The Grinch That Stole Holiday Jobs

Original Article:

  • Author: Michael Saltsman

  • Publication Date: December 2010

  • Newspaper: Connecticut Post

  • Topics: Minimum Wage

You might have the best kids in the world — the kind that get straight A’s and do their chores. But they’re more likely to get a lump of coal than find a job this holiday season.

Winter break has always been an opportunity for teens to make a few extra bucks. But job-searching teens that had a blue Christmas in 2008 and 2009 have little reason for cheer in 2010; one recent survey found that half of all hiring managers planned no new hires this holiday season, lacking either the budget or the business to support them.
The sluggish economy certainly hasn’t helped; teen employment across the board has been trending downward since the start of 2007, a consequence of traditional teen employers like restaurants, retailers, and grocery stores, reacting to the recession.

But a bad situation was made worse by Congress’ 40 percent increase in the federal minimum wage between July 2007 and July 2009. A recent study by economists David Macpherson and William Even found that the “raise” priced over 114,000 teens out of a job.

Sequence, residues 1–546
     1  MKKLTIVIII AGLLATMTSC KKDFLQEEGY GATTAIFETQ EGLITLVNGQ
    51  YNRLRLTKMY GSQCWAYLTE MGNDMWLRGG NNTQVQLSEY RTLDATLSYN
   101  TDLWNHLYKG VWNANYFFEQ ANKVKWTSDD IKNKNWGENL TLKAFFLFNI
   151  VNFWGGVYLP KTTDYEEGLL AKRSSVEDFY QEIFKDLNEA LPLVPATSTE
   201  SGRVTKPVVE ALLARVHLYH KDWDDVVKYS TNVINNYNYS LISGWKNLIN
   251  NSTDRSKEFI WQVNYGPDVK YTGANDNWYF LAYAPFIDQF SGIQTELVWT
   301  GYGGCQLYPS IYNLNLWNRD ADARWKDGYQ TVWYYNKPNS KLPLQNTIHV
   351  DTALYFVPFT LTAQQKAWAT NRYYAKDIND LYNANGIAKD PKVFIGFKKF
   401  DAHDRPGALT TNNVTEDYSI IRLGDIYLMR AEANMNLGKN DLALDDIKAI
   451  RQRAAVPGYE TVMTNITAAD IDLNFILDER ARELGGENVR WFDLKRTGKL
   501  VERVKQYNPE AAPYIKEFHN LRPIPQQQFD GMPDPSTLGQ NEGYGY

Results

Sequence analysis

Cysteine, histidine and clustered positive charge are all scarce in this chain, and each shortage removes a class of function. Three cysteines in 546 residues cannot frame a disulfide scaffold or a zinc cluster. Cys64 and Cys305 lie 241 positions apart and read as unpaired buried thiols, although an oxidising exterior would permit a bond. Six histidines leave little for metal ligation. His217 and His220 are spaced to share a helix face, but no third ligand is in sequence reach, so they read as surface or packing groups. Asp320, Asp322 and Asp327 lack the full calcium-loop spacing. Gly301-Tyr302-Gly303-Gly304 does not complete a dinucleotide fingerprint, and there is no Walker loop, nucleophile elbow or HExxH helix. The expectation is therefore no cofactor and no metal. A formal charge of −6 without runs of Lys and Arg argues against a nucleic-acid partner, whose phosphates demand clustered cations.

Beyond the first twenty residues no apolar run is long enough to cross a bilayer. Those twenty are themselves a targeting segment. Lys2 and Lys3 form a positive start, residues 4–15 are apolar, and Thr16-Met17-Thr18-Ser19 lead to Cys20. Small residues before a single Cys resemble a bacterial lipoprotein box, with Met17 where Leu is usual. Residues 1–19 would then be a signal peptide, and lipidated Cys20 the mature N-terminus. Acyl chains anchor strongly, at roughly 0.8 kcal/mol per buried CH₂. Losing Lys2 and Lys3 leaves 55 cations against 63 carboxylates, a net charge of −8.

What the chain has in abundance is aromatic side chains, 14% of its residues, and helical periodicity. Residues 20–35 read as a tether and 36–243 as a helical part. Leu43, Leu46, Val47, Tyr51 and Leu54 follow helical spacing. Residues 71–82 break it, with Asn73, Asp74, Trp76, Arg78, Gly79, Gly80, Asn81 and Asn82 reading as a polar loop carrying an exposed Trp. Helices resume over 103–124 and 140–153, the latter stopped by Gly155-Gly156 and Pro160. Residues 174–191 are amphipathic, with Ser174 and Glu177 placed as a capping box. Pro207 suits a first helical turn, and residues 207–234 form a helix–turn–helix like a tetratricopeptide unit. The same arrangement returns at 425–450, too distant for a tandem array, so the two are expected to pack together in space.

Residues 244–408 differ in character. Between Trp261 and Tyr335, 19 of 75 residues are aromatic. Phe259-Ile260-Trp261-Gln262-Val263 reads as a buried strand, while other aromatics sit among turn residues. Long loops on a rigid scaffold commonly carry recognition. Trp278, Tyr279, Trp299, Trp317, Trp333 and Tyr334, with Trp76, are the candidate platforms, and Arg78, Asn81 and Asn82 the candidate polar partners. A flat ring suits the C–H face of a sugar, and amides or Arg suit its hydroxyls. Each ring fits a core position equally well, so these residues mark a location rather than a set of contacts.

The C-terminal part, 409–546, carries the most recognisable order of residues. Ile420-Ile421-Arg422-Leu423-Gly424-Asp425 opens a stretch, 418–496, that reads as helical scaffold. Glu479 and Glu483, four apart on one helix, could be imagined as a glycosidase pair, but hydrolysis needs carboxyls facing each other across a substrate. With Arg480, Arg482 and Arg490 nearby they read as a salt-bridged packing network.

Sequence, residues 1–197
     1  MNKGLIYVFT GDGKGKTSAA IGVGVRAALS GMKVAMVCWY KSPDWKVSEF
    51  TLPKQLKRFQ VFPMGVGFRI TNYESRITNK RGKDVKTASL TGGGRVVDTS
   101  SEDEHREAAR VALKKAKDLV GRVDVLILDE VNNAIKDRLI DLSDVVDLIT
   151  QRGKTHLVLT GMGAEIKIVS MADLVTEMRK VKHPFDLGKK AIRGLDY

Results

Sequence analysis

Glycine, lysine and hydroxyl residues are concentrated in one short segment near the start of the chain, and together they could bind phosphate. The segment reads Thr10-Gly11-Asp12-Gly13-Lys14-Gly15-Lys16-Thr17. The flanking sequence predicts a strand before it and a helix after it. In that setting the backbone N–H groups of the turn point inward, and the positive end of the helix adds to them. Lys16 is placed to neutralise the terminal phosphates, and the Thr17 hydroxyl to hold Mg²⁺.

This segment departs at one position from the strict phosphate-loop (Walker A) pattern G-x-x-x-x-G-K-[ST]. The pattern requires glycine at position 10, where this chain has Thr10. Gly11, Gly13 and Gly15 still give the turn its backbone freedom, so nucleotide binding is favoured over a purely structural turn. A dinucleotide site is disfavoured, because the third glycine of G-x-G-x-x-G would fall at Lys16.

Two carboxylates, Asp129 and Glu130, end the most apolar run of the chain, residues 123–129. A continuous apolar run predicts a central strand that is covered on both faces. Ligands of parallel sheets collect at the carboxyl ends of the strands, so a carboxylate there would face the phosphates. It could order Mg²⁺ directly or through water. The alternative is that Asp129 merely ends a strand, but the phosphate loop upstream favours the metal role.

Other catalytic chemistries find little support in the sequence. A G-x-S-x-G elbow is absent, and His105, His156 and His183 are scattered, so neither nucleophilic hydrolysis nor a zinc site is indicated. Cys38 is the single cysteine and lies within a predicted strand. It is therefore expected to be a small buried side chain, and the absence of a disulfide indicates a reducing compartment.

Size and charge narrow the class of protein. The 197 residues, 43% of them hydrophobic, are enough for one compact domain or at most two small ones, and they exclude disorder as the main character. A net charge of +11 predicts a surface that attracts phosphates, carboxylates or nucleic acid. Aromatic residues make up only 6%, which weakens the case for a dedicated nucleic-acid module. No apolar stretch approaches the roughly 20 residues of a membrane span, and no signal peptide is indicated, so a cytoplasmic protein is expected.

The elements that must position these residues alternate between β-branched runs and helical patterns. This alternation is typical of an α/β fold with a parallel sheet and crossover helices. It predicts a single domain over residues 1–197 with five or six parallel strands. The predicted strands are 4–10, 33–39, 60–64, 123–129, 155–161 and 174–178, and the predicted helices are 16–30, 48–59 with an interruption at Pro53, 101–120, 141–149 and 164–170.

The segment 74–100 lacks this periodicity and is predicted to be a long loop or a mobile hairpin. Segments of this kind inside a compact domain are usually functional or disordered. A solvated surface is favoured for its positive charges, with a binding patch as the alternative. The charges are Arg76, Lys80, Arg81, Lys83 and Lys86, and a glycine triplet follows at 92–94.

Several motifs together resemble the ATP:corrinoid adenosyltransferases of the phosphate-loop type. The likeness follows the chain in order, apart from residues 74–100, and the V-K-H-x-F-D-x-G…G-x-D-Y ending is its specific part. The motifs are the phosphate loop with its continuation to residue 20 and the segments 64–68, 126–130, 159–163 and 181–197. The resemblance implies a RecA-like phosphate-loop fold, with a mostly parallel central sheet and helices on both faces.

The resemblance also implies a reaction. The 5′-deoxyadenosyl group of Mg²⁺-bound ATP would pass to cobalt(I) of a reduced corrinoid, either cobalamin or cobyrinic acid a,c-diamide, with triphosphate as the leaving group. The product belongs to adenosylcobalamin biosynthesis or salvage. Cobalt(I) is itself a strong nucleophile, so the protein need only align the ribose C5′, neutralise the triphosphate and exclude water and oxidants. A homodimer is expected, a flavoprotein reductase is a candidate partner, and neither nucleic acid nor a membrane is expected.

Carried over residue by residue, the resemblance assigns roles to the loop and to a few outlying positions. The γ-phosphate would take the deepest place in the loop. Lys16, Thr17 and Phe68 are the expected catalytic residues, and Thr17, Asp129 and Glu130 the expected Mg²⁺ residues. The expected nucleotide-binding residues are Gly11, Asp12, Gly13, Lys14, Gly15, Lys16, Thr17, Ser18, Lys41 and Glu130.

What’s happening here? Employers who use minimum wage labor tend to have razor-thin profit margins. Macy’s, for instance, a giant in the world of holiday shopping, sees less than three cents in net profit for every revenue dollar.

Raising labor costs forces these businesses to either raise prices or cut costs. Holiday bargain-shoppers aren’t willing to shoulder the former, so employers are forced to cut back on customer service and the number of people they employ.

When you go Christmas shopping this year, notice how much you do yourself. You’ll use an electronic price-checker instead of asking an employee to do it for you and you’ll probably find fewer sales staff on the floor. You might even use the self check-out lane to pay.

Those missing entry-level jobs are crucial both for teens and society as a whole. There are certain skills in life that are best learned in an entry-level job. Teens learn the importance of showing up on time, taking responsibility for different tasks, and helping customers. These are lessons that require real-world experience and can’t be taught in a classroom.

The cost of denying teens a holiday job could be much greater than missing out on the new golf putter you wanted as a gift. Research from Northeastern University shows that unemployed teens — especially those from economically disadvantaged backgrounds — are more likely to drop out of school, or get caught up in the criminal justice system.

None of this has stopped well-intentioned lawmakers at the state and federal level from playing Grinch with teen job prospects. As kids come home for the holidays, remember that they need a shot at entry-level employment to grow into responsible adults — and that a future hike in the minimum wage could keep them from that chance.

Michael Saltsman is the research fellow at the Employment Policies Institute, a non-profit group that studies issues on entry-level employment.